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Abdominoplasty – The Recovery The Way It is Usually Done…

When I began performing abdominoplasty in 1990, we used sutures in the skin that don’t dissolve, so we had to remove them in a couple of weeks. We used bulky gauze dressings to absorb the drainage from the wound. A wide, tight elastic binder was applied (for reasons that never made sense to me) to reduce swelling or help the skin flap to stick down to the abdominal wall or for who knows what reason! We put two silicone rubber drains inside the wound to collect and remove all the fluid that accumulated under the skin flap and evacuate it to a collecting reservoir. Patients were admitted to the hospital for one or two days because there was a lot of pain and this needed to be controlled.

What We Are Really Doing ...

Now, lets look at what we we are really doing by all this. First of all, removing the sutures from the skin was uncomfortable for the patient. The wounds were long, typically over twelve inches, so pulling out the sutures was not pleasant. Bulky gauze dressings need to be changed at least daily. Lots of tape to stick to the skin which got irritating after a few days. Some patients had to wait a couple of days to shower before they removed the dressings for the first time. That’s when things began to get a little bit “fragrant”! Now, the dreaded abdominal binder. What a pain that was! It is about ten inches wide and had velcro on each end. You wrap it around your body and secure the velcro in the front. One manufacturer put a cute little pink rose in the front to show you how to put it on. The problem is that the binder is a flat sheet and when it wraps in a circle it forms a cylinder. Whose body is cylindrical? Certainly not after an abdominoplasty.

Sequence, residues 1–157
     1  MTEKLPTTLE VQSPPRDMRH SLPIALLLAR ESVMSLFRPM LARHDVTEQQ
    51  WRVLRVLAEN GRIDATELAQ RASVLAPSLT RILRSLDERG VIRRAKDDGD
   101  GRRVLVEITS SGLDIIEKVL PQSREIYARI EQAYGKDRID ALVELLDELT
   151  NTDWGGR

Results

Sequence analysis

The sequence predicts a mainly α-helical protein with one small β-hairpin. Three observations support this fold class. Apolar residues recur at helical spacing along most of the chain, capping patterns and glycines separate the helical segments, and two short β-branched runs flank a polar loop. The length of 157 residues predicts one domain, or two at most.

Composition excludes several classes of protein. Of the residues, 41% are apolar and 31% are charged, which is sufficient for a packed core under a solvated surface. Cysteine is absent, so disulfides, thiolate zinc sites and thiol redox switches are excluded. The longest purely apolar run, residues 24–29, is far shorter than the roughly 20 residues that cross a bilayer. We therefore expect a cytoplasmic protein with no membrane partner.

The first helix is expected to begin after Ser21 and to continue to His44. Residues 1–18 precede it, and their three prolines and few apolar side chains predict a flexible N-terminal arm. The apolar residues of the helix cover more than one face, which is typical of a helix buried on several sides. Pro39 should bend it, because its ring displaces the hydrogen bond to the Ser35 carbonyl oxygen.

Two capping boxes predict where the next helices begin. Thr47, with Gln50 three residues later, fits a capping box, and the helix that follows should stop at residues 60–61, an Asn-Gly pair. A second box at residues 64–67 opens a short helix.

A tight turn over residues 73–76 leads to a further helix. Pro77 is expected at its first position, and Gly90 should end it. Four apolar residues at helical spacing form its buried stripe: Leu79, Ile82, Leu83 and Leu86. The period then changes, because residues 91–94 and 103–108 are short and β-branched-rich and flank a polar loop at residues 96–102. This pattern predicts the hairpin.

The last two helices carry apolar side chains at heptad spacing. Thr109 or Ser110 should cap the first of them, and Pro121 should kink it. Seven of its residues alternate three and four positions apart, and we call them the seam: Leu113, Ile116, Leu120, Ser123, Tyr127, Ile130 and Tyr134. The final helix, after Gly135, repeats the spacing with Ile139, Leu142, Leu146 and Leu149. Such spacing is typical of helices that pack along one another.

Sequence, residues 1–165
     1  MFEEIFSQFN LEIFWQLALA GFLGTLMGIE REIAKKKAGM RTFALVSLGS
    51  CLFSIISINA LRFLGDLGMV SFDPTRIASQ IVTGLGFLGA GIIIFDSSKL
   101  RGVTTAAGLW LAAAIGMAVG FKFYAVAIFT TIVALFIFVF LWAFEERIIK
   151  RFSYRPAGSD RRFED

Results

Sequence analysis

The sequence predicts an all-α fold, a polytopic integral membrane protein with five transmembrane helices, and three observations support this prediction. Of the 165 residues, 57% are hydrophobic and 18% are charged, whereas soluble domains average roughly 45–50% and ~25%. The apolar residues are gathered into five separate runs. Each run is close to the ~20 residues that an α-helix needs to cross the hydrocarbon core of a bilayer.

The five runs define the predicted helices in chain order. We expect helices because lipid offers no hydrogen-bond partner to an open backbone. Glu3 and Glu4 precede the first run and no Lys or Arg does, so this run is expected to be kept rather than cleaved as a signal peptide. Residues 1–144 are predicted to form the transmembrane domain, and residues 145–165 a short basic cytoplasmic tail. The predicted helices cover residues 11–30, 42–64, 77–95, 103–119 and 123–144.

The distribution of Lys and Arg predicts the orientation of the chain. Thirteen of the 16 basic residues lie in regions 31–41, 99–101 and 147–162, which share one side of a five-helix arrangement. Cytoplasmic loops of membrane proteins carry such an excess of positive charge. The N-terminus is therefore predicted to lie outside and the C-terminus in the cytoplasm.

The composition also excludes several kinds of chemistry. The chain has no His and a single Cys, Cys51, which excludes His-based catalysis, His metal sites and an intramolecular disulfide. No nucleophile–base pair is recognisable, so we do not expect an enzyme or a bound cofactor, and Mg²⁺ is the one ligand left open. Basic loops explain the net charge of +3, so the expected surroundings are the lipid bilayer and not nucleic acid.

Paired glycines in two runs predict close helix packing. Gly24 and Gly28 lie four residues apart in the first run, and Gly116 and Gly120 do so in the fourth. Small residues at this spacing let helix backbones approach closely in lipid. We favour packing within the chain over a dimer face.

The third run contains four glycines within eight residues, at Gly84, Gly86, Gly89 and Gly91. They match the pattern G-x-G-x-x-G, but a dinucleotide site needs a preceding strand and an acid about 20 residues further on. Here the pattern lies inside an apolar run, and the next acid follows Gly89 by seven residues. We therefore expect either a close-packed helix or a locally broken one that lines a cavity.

Meet the doctor Dr. Mark Epstein
Dr. Mark D. Epstein is a board-certified plastic surgeon with additional qualifications in surgery of the hand, currently practicing in Stony Brook, New York. Dr. Epstein also serves as the Chief ... » Learn More

Following abdominoplasty, the patient usually returns to the hourglass shape they had in their distant memories. So the binder would not conform well. It slid up the abdomen. Sometimes it would compress the abdominal skin flap and cause creases or grooving into the skin. That didn’t look good. Now for the drains. As I have looked on the patient forums such as www.realself.com and www.makemeheal.com, abdominoplasty patients hate nothing more than their drains. Drains are kind of like unwanted relatives who overstay their welcome. They are with you in the beginning when you don’t really mind them. Like your relatives, you need to entertain them. They don’t just sit there quietly. You need to empty them, strip them of blood clots, clean the exit holes where they come out from the skin with antiseptic and apply antibiotic ointment, cut those funny little slits in gauze pads so you can place a dressing over them and record the drainage on a chart. You get to do all this several times a day as if you don’t already have enough to do! Then you anxiously go to your appointment with your plastic surgeon and hope and pray he says the amount is now low enough so he can remove the drains. And, when he says he will remove them you think “Oh, my G-d!, how much will it hurt to get that tube out of my body!!!” And you have not one but two of them!!! Now lets talk about the pain medicine (have I convinced you not to have an abdominoplasty at this point???

Read on, it actually gets better, let me just finish my discourse on the past here, bear with me for another moment. You get to be admitted after surgery for “pain control” another word for intravenous narcotics which do relieve pain with the trade off of causing nausea and sometimes vomiting! Then you get to go home on oral pain pills, a pill form of the same stuff that made you sick in the hospital. And a few days later you begin to realize that you are feeling a little “irregular” because you haven’t moved your bowels in five days. Another wonderful effect of narcotics. Gotta love modern pharmacology! Well, cheer up, and hang on tightly because things have certainly changed…

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